Meet the reformer
When Elizabeth Tysoe accepted a secondment in the prison service she had no idea what to expect.
When Elizabeth Tysoe accepted a secondment in the prison service she had no idea what to expect. More than a decade later she has received an OBE for her contribution to offender health, in recognition of the key role she has played in transforming prison nursing.
Ms Tysoe was working at Dartford and Gravesham NHS Trust in Kent when she was offered a secondment as head of health care at HMP Woodhill, a category A male prison in Milton Keynes.
‘My first prison had a very forward-thinking and supportive governor. Nurses elsewhere were struggling to get changes made,’ Ms Tysoe says.
A breakthrough came in 2004 when responsibility for prison health services began to be handed over to the NHS. By this time, Ms Tysoe had been seconded to Her Majesty’s Inspectorate of Prisons (HMIP) where she became deputy and then head of health inspection.
‘I was the first nurse to hold the post and that reflected what was happening in the prison service,’ she explains. ‘There was a real groundswell of change.’
Prisoners tend to have poorer physical, mental and social health than the general population.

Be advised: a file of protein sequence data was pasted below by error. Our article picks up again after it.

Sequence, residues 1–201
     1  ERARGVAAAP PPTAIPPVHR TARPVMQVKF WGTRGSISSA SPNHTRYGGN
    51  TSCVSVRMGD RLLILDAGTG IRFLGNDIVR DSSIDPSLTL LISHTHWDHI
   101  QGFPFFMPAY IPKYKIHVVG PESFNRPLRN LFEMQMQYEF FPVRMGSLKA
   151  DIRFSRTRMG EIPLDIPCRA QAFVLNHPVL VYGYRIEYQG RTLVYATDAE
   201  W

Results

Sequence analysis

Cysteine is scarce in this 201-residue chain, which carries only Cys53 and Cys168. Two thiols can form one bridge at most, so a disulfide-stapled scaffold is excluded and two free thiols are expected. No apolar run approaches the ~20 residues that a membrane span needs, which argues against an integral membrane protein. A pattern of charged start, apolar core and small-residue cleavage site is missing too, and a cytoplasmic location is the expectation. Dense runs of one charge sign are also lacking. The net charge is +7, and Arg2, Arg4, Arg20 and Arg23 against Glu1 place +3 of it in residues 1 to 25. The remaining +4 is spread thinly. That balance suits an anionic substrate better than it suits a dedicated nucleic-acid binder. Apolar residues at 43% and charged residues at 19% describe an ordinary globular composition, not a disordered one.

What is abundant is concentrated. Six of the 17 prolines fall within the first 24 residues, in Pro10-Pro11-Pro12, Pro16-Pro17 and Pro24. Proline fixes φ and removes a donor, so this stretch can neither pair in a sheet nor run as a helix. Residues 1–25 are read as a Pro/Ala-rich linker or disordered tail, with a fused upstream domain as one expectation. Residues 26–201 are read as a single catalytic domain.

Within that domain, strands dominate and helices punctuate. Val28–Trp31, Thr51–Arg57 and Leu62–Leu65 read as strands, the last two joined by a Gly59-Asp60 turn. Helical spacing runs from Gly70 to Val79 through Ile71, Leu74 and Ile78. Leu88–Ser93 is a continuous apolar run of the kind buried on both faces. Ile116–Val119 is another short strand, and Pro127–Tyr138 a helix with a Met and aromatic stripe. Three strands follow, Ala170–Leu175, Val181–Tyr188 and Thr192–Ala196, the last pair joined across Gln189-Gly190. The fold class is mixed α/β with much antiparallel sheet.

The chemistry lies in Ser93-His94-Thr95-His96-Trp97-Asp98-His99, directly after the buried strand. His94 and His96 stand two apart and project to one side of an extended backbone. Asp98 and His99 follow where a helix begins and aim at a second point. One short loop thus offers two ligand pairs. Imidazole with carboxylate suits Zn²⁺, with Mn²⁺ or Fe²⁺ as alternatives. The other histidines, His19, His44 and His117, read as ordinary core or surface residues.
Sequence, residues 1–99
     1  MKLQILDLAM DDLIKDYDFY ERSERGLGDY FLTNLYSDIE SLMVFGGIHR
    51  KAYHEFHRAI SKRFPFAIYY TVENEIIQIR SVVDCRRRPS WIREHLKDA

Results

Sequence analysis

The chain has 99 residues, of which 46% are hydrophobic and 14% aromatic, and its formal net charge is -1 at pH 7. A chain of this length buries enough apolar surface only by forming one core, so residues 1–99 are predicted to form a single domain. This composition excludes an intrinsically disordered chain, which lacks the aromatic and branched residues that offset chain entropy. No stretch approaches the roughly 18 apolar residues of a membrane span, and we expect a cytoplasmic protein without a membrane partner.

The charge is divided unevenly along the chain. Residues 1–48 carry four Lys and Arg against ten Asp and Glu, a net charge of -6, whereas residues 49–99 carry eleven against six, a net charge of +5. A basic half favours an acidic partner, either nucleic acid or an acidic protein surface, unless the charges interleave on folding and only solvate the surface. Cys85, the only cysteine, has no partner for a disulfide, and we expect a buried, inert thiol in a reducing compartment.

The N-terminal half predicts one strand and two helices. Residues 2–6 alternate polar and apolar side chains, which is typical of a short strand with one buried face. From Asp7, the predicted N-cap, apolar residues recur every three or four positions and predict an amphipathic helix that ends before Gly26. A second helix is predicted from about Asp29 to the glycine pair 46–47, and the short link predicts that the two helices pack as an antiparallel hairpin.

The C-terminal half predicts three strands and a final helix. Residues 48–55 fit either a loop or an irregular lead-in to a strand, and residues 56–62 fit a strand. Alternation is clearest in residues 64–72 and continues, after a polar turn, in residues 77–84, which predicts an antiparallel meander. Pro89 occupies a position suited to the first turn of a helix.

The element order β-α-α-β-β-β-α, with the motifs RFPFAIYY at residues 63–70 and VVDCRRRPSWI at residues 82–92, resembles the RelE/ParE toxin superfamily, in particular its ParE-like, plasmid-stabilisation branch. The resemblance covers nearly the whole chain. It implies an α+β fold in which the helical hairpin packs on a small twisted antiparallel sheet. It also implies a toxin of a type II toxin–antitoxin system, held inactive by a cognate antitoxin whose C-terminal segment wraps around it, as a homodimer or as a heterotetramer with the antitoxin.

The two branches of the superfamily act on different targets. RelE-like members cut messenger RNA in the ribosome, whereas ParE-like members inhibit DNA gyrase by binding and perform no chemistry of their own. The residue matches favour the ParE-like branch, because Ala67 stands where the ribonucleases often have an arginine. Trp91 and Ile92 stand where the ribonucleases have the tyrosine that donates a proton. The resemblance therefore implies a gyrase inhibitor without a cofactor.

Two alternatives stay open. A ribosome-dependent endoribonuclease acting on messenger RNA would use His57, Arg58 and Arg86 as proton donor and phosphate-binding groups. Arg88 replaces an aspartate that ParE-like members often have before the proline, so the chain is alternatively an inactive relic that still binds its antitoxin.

More than 70% of sentenced prisoners experience two or more mental disorders.
An estimated 5-10% of the adult offending population has learning disabilities.
Older prisoners are the fastest growing age group in the prison population.
Ms Tysoe, who has now left HMIP to move to the General Medical Council, says: ‘When I first heard about the honour, I couldn’t believe it. I received it on March 6 from the Queen at Windsor Castle and it was a special occasion.’
Ms Tysoe was accompanied by her two sisters and RCN professional lead for criminal justice nursing Ann Norman, who nominated her for the honour.
Ms Norman says: ‘Elizabeth stands head and shoulders above other leaders. Despite working in a difficult environment, she has remained a nurse through and through.
‘I can remember when our members in the prison system were fearful of the inspectorate’s visits and although Elizabeth has shown a steely determination in her role, nurses now feel that their difficult jobs in the prison service are recognised, while using some of the difficult things the inspectorate says to make real improvements.’
Miss Tysoe says that change came rapidly during her ten years in the post. As well as prisons and young offender institutions, the inspectorate now inspects all establishments that detain people in England and Wales, such as immigration detention facilities, police and court custody suites and military detention centres.
She says: ‘There have been significant improvements in custodial health services over the past ten years, especially around governance and bringing health care up to NHS standards. There have been big improvements in mental health care and much greater liaison between services in prisons and those outside.
‘Innovative specialist work, such as in diabetes and respiratory care, is provided in prisons by practice nurses,’ she adds.
However, Miss Tysoe says that more improvements are still needed and she sees better management of prisoners with learning disabilities as the next big task.